TV, entertainment furniture thingy, chair (the cushions are sitting on top of it, I forget why, lol) . . . .
Closet . . . I took the doors off of it to make the room feel bigger . . .
Back to the story . . .
My co-teacher and the principal keep asking me if I "like it" and is it "okay?" I think to myself about how back in Canada we were warned that saying "no" in Korea generally doesn't go over well at all, and that we should try to say "yes" even to things we don't like, and just accept the majority of cultural differences and adapt to them. I said the apartment was okay (which turned out to be a colossal mistake of epic proportions).
That evening I was taken out for dinner. Sitting on the floor in the Korean restaurant directly across from the principal, my co-teacher on my right side, and surrounded by the 15 teachers from my new school, I was asked more questions.
The question of religion and going to church came up again. I politely deferred from giving too much information. I was asked why I didn't go to church anymore, and just said that I had had a lot of life experiences that led me to make some changes. The principal then invited me again to go to church with him and I said that I'd "think about it" hoping that that would be the last time he would ask me, and that it would become a forgotten issue (later on I would realize that this is NOT the best way to deal with that kind of request).
At this point the physical education teacher began trying to get me to drink shots of soju with him and the other male teachers. I politely explained that I wasn't going to drink because I had to teach the next day. I watched in quiet shock and and little bit of dismay as the male teachers proceeded to hammer back shots like they were 20 years old and at a frat house party . . . wow. The principal was very impressed that I was not going to drink because I had to teach. I thought that it was odd he was impressed by this, and not upset or something that the Korean teachers were all getting totally hammered when they would be working with children the next day--but then, I was in a foreign culture and had no clue what was 'normal' for Korea . . .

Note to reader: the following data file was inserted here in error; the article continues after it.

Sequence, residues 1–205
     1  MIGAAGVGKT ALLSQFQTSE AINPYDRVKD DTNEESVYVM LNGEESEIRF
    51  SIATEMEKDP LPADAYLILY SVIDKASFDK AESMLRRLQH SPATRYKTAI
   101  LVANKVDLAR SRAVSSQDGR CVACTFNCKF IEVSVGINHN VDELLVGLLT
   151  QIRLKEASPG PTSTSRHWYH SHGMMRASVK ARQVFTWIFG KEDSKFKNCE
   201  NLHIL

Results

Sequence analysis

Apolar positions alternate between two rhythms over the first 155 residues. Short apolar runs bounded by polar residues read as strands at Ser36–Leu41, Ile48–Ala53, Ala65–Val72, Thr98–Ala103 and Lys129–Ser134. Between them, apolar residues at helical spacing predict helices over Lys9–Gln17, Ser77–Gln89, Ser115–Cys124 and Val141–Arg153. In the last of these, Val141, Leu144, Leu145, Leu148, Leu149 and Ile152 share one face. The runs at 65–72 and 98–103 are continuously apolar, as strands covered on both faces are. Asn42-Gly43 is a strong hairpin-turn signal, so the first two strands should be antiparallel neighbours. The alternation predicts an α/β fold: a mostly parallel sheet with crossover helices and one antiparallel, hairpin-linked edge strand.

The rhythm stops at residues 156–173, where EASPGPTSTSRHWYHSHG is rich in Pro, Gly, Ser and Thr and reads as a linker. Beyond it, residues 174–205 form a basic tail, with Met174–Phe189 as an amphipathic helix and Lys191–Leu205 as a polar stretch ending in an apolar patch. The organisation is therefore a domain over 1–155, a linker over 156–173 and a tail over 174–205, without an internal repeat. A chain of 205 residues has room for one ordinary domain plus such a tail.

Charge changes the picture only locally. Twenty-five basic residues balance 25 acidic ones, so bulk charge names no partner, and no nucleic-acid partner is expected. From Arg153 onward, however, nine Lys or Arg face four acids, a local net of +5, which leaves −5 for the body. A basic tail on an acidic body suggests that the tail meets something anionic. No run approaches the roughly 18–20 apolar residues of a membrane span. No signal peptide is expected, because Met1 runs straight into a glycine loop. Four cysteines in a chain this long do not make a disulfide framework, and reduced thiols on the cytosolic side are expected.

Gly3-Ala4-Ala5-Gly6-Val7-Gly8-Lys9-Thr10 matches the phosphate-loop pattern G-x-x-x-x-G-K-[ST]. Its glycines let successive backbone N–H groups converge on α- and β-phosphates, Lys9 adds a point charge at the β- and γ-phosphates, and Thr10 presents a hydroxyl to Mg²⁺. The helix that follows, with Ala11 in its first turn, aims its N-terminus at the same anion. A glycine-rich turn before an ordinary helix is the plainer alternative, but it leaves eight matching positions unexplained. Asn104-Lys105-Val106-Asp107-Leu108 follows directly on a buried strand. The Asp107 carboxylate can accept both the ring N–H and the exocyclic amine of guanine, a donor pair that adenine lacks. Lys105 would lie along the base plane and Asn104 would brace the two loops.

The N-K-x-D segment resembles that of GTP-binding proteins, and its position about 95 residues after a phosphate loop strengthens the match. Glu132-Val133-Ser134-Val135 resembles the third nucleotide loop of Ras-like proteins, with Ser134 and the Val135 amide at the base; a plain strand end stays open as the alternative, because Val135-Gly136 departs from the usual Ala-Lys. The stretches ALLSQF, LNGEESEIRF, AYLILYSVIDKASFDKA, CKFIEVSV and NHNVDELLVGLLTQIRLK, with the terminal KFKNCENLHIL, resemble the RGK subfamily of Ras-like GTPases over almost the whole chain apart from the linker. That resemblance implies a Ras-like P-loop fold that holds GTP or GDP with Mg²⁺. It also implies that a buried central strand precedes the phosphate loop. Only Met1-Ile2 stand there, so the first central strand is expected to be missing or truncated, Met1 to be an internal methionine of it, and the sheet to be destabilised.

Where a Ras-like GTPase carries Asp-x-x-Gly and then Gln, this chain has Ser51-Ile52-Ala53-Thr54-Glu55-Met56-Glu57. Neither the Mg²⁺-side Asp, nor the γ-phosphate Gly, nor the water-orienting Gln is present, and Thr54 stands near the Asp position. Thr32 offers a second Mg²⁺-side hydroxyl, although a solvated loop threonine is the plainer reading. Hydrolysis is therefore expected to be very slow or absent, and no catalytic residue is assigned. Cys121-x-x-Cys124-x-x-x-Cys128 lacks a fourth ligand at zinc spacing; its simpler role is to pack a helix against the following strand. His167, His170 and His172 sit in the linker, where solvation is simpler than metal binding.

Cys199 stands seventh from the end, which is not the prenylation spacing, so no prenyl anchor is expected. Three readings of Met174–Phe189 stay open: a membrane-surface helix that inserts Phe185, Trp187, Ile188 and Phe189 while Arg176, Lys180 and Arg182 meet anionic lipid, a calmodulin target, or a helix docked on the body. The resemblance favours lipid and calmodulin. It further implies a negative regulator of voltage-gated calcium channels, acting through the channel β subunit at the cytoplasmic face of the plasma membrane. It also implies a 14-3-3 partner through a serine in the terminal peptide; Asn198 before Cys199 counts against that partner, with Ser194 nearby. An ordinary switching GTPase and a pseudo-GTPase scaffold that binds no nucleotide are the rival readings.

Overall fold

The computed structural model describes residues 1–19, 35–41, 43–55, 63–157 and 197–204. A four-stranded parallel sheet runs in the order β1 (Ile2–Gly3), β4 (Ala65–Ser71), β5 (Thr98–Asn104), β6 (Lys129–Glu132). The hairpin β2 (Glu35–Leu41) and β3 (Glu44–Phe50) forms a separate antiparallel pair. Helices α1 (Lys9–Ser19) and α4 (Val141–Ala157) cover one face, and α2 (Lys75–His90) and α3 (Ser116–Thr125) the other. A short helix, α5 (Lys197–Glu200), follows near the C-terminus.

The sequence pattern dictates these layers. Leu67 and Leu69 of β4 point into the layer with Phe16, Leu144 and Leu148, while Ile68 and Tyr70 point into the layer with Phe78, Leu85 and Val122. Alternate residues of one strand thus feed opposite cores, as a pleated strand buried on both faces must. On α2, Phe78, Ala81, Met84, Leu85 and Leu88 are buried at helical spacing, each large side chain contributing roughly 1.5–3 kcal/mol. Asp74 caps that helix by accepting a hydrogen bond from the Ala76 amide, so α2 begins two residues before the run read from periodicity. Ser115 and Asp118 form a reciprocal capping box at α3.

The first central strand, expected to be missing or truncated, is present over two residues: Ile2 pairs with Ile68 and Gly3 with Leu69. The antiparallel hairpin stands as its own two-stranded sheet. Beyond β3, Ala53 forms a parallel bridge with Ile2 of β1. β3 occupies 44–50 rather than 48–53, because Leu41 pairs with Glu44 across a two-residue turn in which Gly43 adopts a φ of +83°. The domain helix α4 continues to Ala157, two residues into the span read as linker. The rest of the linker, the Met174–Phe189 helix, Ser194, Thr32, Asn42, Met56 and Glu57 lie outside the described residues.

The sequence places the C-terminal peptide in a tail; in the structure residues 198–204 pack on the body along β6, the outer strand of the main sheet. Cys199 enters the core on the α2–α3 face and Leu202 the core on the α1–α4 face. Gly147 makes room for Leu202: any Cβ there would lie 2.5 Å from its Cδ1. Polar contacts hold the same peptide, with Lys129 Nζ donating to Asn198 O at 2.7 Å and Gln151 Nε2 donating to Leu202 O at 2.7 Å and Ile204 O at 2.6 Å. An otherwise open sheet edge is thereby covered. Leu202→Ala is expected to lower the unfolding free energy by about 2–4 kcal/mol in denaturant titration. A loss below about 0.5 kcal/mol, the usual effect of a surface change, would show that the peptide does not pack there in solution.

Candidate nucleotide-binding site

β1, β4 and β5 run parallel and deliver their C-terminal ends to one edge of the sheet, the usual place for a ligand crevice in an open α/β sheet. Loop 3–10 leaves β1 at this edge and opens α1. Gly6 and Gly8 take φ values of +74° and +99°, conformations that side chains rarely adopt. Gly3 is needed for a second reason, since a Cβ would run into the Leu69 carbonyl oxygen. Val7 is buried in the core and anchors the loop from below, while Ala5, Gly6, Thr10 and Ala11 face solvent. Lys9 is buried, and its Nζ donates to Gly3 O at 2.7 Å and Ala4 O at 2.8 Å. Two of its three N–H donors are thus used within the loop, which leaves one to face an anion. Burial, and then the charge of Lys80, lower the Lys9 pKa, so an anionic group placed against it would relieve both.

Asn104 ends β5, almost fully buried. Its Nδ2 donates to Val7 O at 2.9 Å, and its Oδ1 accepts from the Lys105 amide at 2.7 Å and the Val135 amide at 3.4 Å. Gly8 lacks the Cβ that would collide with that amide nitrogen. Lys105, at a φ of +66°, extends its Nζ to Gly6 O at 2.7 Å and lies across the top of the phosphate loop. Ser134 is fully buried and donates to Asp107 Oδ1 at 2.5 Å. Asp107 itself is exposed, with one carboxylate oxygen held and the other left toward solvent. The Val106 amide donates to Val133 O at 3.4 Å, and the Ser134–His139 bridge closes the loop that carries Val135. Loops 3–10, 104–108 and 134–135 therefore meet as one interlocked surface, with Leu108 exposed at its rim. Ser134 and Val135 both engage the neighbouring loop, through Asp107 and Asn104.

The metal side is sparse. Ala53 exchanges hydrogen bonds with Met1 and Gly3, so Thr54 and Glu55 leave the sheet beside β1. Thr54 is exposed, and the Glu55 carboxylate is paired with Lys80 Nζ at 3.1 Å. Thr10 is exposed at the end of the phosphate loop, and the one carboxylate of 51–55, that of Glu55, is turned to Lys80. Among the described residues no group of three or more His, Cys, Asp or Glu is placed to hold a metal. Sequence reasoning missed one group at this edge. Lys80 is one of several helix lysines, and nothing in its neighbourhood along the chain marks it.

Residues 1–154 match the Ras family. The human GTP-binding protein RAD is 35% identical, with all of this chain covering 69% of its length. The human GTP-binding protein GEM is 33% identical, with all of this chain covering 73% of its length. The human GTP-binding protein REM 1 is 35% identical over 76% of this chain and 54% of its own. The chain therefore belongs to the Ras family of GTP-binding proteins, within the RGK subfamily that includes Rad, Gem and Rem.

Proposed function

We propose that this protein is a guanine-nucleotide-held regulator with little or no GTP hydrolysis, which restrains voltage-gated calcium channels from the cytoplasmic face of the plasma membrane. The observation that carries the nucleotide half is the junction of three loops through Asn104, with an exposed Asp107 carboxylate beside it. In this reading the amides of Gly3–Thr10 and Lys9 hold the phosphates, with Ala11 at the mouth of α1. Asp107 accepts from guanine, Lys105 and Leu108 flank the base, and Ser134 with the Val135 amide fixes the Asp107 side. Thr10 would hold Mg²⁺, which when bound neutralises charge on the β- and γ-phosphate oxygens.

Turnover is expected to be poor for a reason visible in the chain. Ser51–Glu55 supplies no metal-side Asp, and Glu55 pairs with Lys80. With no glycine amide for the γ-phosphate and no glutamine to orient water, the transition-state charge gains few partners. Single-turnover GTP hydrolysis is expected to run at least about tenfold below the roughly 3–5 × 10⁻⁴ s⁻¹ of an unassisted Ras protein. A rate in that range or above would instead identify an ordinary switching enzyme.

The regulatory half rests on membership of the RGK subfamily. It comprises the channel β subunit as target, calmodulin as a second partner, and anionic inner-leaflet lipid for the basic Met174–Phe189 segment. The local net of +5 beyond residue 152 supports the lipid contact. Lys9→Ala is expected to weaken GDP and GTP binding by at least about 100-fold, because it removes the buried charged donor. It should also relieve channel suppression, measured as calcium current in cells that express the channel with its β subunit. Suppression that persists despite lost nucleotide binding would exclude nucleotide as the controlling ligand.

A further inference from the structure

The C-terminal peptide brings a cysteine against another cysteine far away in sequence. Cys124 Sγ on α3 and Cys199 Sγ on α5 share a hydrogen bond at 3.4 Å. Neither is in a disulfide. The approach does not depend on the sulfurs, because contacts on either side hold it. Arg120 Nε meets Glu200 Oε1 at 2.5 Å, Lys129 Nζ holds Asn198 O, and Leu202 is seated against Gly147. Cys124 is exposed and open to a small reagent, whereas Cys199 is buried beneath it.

My co-teacher, Miss Kim, and I didn't really talk all that much. It wouldn't be until many weeks if not months later that I'd realize that because I was an unmarried man, and she was an unmarried woman, that that had been the reason for her not talking to me much during the entire course of the first day. I just assumed at the time that she was shy, and that she was being deferential to the principal/King's style of social introductions . . .
It would be during the course of the first month that I would actually begin to get to know my co-teacher better, and begin to learn about what co-teaching involves . . .
Living next to a mountain with the path just 50 meters away from the door of my hut I got a LOT more exercise than I do now. Looking at this picture makes me realize how much work I have to do to get back to looking like this . . . sigh.
And lastly some pics of things that gave me some degree of culture shock though not necessarily in a bad way.
School lunches . . . I was immediately told that I had put my rice on the "wrong" side of my tray. Me being who I am I proceeded to put my rice on the 'wrong' side of my tray for the rest of the year . . . I can adapt and submit to cultural norms to a degree but damn if I won't put my food where I want it to be comfortable when I'm eating!!! Lol . . . I think it took almost a month before the students and teachers finally let it go--I think they thought I'd cave . . . nope.
Sometime in the second week in Korea I found out that I'd be teaching at my 'home' middle school twice a week (Mondays and Thursdays), an all girls middle school that was a 30 minute bus ride away on Tuesdays and Wednesdays, and on Friday I'd take a 10 minute bus ride to a middle school that lay in between the hamlet I lived in and the small city on the island where the all girls middle school was.
Eating lunch in an all girls middle school (see the pic above) is a very very very NOISY experience. Most days I'd shovel the food down my gullet and get the hell out as fast as I could.
The picture above is of the two other Korean teachers (not co-teachers) that I shared an office with at the all girls middle school. They were very friendly. One had intermediate level English, and the other not very much. But regardless of language ability we got along great, and had a lot of fun times.
Mr. Jeong, one of my first year in Korea co-teachers at the all girls middle school . . . his English was . . . something . . . and our relationship . . . was something else. Let's just say that after several 'issues' the regional director made a phone call for me and I didn't teach with him in the second semester. Needless to say I was very very happy . . .
Anyways, this post is laying the ground work for me to reply to a comment Brian made about co-teachers in the post I did about co-teaching strategies and co-teachers,
"The vast majority of my coteachers either don't come to class or sit in the back of the room reading a magazine or flipping through a book." (from here)
I'm going to try and write a new post with more of my views and suggestions on how to proactively create good co-teaching relationships and co-TEACHING in the classroom . . .
I'm pretty written out right now, though, and need to go play some mindless facebook games and chill out for a while.